First of all, Facebook.com is a private forum. In order to participate in it, however, your university must agree and register with them, and participating students must do so with a college-issued e-mail address. The first purpose of this forum is so that students could link with others in their classes for the sake of academics, but it has grown to be a favored extracurricular activity for many students.
Despite the fact that it is recognized by the individual school, is quite surprising that the administration of the university would take a comment written on the forum so... seriously. This student was merely expressing his rights to free speech in a forum, one of the first rights guaranteed to citizens. The only little problem is that private institutions do have the right to censorship. That is where this story beings to shock us, however, because the views expressed by this student are consistent with Catholic moral teaching... and, remember, Duquesne is a Catholic school!
Surprising, yet again, is that there are plenty of things that actually are offensive on Facebook. Though I am not a member myself, my little brother and my best friend from high school eat, sleep and breathe Facebook. To me, it seems like an addiction. It appears much like a personals ad, but it is also a place to show what you are really worth: what you do, how many friends you have, what you believe, etc. Because of these two people, I have been able to spend time on Facebook on several occasions. I was not surprised to see things that offended me, from pictures to quotes to sexual innuendos. Personally, I am more worried about these things! If there is going to be censorship, at least let there be equal rights in censorship, and let those who post these things be disciplined as well. But, the administration of the participating universities hardly takes note of these radically immoral views. On the contrary, the attack those expressing Christian moral values.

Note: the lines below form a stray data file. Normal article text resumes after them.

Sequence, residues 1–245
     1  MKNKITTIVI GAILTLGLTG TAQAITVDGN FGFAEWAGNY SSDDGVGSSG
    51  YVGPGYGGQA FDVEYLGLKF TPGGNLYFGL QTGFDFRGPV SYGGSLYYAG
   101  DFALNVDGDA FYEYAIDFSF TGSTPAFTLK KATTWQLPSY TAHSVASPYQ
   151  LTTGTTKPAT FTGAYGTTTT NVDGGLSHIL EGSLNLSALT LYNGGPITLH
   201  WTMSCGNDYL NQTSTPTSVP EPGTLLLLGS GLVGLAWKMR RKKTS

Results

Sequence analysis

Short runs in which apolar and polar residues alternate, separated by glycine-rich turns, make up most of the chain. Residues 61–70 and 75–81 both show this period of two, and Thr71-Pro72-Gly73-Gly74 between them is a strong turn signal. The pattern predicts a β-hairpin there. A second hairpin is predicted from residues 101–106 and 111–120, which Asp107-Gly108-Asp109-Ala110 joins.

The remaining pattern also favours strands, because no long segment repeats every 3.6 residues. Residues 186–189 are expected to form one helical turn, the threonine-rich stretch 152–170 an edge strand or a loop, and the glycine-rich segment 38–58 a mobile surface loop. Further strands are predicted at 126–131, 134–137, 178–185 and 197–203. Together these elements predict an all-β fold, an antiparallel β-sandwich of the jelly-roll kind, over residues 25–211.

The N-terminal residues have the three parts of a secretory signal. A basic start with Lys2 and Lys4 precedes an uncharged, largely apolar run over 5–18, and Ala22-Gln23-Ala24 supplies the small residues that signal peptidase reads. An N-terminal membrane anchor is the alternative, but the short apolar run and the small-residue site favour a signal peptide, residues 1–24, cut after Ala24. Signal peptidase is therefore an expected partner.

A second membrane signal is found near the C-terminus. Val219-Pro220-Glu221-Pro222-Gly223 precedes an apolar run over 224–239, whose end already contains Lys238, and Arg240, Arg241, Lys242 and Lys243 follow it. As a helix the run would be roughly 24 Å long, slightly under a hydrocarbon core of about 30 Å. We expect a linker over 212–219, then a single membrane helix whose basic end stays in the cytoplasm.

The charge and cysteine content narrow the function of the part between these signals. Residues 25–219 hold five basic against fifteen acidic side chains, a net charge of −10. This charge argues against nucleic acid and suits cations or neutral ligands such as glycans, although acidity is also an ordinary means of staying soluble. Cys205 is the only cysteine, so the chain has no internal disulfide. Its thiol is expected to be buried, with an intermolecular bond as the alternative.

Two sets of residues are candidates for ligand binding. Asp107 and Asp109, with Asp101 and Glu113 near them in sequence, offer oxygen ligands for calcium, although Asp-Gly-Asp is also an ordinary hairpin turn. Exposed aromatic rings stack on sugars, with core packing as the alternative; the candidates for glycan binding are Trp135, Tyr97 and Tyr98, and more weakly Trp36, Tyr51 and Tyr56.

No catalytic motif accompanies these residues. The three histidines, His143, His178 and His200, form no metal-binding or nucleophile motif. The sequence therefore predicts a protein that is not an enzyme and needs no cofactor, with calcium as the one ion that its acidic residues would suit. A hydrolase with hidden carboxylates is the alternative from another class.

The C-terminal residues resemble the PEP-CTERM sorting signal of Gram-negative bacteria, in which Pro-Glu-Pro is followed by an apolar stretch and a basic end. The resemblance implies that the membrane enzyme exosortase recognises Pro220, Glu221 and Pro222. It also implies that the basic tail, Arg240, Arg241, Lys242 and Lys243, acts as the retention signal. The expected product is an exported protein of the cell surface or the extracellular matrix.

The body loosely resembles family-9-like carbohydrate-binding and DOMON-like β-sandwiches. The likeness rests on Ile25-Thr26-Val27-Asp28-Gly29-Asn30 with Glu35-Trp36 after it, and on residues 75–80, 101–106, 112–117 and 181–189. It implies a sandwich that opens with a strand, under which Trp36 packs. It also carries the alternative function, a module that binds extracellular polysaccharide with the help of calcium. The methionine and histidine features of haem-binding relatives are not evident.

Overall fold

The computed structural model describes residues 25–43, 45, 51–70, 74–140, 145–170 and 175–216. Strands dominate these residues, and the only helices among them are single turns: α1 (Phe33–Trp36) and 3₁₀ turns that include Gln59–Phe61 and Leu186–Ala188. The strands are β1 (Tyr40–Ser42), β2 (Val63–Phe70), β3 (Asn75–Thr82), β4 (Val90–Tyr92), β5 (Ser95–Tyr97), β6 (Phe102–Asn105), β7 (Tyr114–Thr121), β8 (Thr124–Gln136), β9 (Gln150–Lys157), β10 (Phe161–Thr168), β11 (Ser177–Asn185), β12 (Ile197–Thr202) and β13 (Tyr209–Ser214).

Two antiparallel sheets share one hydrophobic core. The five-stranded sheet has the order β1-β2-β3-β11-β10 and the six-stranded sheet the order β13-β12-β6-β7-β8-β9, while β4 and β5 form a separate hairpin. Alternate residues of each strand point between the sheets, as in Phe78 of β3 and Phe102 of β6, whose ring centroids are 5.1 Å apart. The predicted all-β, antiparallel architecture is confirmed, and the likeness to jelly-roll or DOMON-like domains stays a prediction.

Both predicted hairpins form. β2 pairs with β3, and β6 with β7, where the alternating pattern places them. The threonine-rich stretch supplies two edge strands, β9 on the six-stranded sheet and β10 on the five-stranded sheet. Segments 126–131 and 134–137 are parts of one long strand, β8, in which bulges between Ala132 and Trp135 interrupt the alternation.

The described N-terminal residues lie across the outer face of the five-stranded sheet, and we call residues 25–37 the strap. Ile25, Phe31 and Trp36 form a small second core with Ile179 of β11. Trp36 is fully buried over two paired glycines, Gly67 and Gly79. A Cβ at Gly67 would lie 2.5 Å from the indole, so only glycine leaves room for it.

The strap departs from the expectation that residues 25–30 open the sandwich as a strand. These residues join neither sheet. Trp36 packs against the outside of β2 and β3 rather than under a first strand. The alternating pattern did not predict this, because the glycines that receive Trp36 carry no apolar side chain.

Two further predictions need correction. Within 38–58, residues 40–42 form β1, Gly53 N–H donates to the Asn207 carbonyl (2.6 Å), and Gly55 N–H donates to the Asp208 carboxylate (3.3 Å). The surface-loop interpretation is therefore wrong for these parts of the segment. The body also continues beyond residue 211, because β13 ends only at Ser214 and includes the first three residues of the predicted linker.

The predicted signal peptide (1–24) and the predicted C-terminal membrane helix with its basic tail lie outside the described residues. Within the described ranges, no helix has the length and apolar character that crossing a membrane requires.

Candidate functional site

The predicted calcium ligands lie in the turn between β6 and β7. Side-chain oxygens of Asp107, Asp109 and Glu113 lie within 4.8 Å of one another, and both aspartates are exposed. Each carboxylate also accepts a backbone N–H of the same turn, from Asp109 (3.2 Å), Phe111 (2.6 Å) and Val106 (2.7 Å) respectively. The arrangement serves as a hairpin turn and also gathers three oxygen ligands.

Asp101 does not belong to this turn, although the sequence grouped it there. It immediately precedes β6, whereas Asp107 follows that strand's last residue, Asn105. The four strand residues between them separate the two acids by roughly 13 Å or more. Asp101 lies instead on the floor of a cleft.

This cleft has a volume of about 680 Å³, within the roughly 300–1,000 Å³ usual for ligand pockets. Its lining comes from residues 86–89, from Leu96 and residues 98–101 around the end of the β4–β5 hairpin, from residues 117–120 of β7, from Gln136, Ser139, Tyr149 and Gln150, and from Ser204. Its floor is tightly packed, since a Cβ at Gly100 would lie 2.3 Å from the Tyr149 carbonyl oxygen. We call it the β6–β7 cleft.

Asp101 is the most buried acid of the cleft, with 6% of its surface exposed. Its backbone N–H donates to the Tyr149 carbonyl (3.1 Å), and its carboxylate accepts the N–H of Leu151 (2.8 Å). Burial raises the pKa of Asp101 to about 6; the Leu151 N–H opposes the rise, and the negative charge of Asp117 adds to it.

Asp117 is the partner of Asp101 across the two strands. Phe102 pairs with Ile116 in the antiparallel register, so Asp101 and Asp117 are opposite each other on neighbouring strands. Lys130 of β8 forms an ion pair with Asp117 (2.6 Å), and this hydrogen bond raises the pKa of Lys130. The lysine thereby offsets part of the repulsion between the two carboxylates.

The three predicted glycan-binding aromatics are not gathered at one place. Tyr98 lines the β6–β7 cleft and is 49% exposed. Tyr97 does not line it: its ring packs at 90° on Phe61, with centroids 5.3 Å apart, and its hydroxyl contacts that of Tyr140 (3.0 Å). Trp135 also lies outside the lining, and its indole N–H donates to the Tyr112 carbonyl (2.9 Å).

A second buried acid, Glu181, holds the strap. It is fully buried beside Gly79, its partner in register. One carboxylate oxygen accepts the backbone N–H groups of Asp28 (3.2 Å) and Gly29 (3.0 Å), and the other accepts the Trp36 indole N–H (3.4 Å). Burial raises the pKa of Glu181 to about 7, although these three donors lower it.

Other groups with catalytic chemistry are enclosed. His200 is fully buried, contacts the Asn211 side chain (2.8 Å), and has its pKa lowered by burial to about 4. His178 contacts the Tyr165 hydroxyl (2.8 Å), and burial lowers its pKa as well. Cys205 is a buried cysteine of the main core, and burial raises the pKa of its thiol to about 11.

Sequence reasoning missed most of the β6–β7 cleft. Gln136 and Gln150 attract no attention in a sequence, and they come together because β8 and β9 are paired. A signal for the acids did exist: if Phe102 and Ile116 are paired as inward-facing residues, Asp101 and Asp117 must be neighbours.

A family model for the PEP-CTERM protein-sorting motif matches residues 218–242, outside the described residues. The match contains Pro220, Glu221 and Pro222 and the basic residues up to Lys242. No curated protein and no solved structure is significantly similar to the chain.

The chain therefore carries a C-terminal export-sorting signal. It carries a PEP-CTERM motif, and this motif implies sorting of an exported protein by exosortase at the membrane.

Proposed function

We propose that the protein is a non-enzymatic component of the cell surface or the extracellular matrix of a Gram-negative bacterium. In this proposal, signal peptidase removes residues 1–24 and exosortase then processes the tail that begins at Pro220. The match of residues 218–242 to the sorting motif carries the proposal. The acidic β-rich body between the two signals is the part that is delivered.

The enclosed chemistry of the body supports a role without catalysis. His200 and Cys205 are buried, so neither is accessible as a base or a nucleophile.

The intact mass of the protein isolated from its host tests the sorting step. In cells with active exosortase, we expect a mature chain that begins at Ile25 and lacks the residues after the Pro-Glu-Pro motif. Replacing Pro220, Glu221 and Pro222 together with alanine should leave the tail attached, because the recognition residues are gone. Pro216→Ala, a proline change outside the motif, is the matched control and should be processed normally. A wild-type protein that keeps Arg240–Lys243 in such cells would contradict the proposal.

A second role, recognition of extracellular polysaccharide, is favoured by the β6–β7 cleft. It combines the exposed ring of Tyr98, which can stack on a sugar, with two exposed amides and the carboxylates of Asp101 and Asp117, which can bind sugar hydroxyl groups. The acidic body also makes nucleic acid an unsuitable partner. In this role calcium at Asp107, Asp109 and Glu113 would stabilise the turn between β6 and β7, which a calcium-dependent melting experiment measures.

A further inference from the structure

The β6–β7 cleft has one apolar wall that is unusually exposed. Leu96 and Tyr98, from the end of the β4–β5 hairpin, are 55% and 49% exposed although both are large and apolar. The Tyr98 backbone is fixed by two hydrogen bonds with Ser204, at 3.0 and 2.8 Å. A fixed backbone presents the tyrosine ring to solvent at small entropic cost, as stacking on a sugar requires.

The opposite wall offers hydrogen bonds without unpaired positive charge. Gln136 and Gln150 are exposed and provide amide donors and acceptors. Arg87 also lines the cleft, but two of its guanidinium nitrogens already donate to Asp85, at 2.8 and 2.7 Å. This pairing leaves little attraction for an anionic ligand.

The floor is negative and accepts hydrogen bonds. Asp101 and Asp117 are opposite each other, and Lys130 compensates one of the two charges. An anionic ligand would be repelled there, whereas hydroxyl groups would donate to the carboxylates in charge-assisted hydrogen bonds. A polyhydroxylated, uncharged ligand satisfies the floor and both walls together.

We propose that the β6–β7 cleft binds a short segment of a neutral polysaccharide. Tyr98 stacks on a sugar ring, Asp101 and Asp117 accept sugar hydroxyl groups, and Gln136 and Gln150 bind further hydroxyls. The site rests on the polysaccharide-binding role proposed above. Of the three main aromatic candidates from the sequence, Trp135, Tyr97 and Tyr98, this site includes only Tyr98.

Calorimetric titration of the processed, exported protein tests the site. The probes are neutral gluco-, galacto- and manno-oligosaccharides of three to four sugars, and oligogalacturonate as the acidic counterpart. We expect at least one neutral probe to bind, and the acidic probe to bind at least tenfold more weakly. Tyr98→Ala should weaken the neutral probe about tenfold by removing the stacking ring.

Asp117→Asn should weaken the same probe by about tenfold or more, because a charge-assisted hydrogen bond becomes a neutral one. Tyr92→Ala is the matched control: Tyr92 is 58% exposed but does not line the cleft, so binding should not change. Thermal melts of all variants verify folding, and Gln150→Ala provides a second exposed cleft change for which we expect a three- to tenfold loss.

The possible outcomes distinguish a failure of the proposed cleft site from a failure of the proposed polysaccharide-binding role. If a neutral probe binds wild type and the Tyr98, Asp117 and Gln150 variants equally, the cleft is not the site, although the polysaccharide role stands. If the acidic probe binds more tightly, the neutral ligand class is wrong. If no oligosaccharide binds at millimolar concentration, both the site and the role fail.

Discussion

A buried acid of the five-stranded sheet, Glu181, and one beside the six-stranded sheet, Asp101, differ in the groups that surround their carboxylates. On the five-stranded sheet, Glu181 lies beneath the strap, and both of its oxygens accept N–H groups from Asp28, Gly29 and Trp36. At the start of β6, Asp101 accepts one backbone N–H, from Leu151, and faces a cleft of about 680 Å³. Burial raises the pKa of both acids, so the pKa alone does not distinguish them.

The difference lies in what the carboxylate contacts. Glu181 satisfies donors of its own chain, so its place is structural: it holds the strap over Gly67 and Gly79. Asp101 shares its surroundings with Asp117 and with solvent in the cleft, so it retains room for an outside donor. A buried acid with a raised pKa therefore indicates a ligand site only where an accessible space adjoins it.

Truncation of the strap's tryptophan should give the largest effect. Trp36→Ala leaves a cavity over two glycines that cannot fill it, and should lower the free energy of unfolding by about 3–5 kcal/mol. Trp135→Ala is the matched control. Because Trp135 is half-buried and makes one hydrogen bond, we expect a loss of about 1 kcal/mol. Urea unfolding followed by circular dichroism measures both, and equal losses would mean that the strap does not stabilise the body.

This situation points to a much larger problem that gained much attention during the fierce battles waged before the '04 presidential elections: there is much resistance from Catholic institutions to properly represent her teachings, most notably her teachings on morality. Perhaps prophetically, Pope John Paul II issued a letter in June '04 to several Catholic bishops who were on their ad limina visit to Rome. This letter served as a reminder of the role of Catholic institutions, as outlined in his 1990 encyclical Ex Cordia Ecclesiae. This letter reminds the bishops of their role in ensuring that all of the Catholic institutions, from universities to hospitals to charitable organizations, are following all of the teachings of the Church in the course of their work. He outlines the role of all of these institutions as places that
must not only assist the faithful to think and act fully in accordance with the Gospel, overcoming every separation between faith and life (cf. Christifideles Laici, n. 34), but they must themselves embody a clear corporate testimony to its saving truth. This will demand constantly re-examining their priorities in the light of their mission and offering a convincing witness within a pluralistic society to the Church's teaching, particularly on respect for human life, marriage and family, and the right ordering of public life.
One section of the letter specifically addresses Catholic colleges and universities. John Paul II refers to the distinction of a Catholic school as possessing a unique identity.
A truly Catholic education will aim at an integration of knowledge within the context of a vision of the human person and the world which is enlightened by the Gospel. By their very nature, Catholic colleges and universities are called to offer an institutional witness of fidelity to Christ and to his word as it comes to us from the Church, a public witness expressed in the canonical requirement of the mandatum.
Furthermore, John Paul II quotes his earlier document sternly reminding these institutions of higher education that if they stray from their role in preserving and promoting Catholicism, they are abandoning the very essence of their work.
These institutions should be at the forefront of the Church's dialogue with culture, for "a faith which remains on the margins of culture would be a faith unfaithful to the fullness of what the word of God manifests and reveals, a truncated faith, and even worse, a faith in the process of self-destruction" (Ex Corde Ecclesiae, n. 44).
To meet the needs of the Church in this area, the Cardinal Newman Society works to promote these teachings. Thank God for their hard work and dedication! Please take a moment to visit their website.
So, what is the point of Catholic institutions? To proclaim the Gospel!